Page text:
The coupe and Volante both share the same semi-automatic and automatic gearboxes and engine. The car is limited to 266 km/h (165 mph) to retain the integrity of the roof. Like the coupe, the original Volante has 569 N·m (420 lbf·ft) of torque at 5,000 rpm and a maximum power of 456 PS (450 hp) at 6,000 rpm. The 0 to 97 km/h (60 mph) is slowed to 4.9 seconds due to the additional weight. On newer models, like the coupe's, the Volante's horsepower and torque have increased to 517 PS (510 hp) and 620 N·m (457 lbf·ft) respectively.
To commemorate Aston Martin's GT1 victory at the 2007 24 Hours of Le Mans, Aston Martin released the DB9 LM (Le Mans) in the first quarter of 2008. The DB9 LM comes standard with the DB9's optional sports pack and is only available as a semi-automatic coupe. The LM is painted Sarthe Silver, named after the Circuit de la Sarthe, where Le Mans is run, and has red brake calipers, a chromed mesh grill, and a special black leather interior, with red stitching and the Le Mans track stitched on the central consol. The car is also fitted with the DBS clear rear lights Only 124 DB9 LMs were to be made.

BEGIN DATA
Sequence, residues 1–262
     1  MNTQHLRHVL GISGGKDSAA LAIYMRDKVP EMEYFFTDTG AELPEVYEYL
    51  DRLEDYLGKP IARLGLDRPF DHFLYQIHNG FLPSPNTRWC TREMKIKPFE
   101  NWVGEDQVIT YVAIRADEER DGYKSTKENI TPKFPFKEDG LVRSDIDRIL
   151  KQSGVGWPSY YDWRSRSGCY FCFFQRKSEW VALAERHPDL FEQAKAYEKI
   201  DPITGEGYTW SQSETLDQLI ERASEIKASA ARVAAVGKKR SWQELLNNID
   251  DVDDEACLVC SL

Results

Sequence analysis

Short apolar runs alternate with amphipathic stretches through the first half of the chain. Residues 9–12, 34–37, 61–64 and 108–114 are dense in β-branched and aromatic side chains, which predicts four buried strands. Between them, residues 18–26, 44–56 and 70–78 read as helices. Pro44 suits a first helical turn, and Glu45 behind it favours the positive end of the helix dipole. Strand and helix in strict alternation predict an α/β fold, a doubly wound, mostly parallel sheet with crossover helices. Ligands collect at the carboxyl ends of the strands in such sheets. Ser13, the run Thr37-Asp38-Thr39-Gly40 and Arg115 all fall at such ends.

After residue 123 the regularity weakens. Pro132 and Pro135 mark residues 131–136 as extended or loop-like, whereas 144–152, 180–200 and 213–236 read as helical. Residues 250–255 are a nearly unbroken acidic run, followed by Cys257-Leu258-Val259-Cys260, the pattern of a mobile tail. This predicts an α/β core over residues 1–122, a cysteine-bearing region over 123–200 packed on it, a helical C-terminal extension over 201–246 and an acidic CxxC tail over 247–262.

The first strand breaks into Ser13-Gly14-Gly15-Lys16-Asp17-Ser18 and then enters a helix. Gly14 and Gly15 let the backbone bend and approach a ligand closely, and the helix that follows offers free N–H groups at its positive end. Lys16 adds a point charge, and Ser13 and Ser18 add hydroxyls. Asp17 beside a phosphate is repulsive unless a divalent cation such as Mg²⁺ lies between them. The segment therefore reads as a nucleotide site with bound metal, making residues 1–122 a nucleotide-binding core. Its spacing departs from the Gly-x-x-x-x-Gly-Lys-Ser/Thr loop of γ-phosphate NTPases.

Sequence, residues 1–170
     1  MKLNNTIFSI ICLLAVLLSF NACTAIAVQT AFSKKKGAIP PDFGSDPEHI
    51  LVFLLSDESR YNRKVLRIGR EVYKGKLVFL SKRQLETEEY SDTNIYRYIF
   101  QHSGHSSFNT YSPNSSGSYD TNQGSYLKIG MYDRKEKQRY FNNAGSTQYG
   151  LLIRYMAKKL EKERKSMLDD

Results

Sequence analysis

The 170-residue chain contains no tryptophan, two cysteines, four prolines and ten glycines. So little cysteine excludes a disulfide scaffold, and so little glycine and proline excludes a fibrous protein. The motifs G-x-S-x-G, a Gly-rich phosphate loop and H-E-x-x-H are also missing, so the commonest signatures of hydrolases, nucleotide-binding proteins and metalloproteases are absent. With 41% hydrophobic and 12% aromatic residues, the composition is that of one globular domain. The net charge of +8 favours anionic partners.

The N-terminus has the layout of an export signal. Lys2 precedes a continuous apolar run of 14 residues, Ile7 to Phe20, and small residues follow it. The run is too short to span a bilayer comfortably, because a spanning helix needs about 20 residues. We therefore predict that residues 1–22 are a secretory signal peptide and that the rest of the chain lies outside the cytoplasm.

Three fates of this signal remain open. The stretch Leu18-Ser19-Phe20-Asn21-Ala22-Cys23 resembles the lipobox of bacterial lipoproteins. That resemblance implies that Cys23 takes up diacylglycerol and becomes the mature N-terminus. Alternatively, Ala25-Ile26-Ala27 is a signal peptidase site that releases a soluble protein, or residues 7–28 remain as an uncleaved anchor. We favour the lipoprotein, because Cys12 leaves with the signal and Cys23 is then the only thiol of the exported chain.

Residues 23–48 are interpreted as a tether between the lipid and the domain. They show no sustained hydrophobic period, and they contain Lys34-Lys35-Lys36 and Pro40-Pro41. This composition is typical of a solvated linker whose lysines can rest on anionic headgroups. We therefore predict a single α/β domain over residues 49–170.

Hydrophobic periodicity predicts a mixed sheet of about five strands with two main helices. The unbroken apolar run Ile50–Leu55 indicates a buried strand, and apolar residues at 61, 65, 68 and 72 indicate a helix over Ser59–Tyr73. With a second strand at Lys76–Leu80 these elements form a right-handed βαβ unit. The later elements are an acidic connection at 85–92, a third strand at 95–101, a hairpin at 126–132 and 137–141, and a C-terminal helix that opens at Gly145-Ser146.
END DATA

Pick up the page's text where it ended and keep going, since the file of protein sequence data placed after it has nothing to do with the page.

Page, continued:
DB9 Carbon Black, Morning Frost, and Quantum Silver
Following the success of several special edition models of other Aston Martin cars, like the V12 Vantage Carbon Black and DBS Carbon Black, Aston Martin announced three special edition models of the DB9 in 2011: the DB9 Carbon Black, Morning Frost, and Quantum Silver. All three models are denoted by a sill plaque bearing their respective names. All three models have the same 6.0L V12 engine as the base DB9, which produces 477 PS (470 hp). All three models are available both as a coupe and a Volante.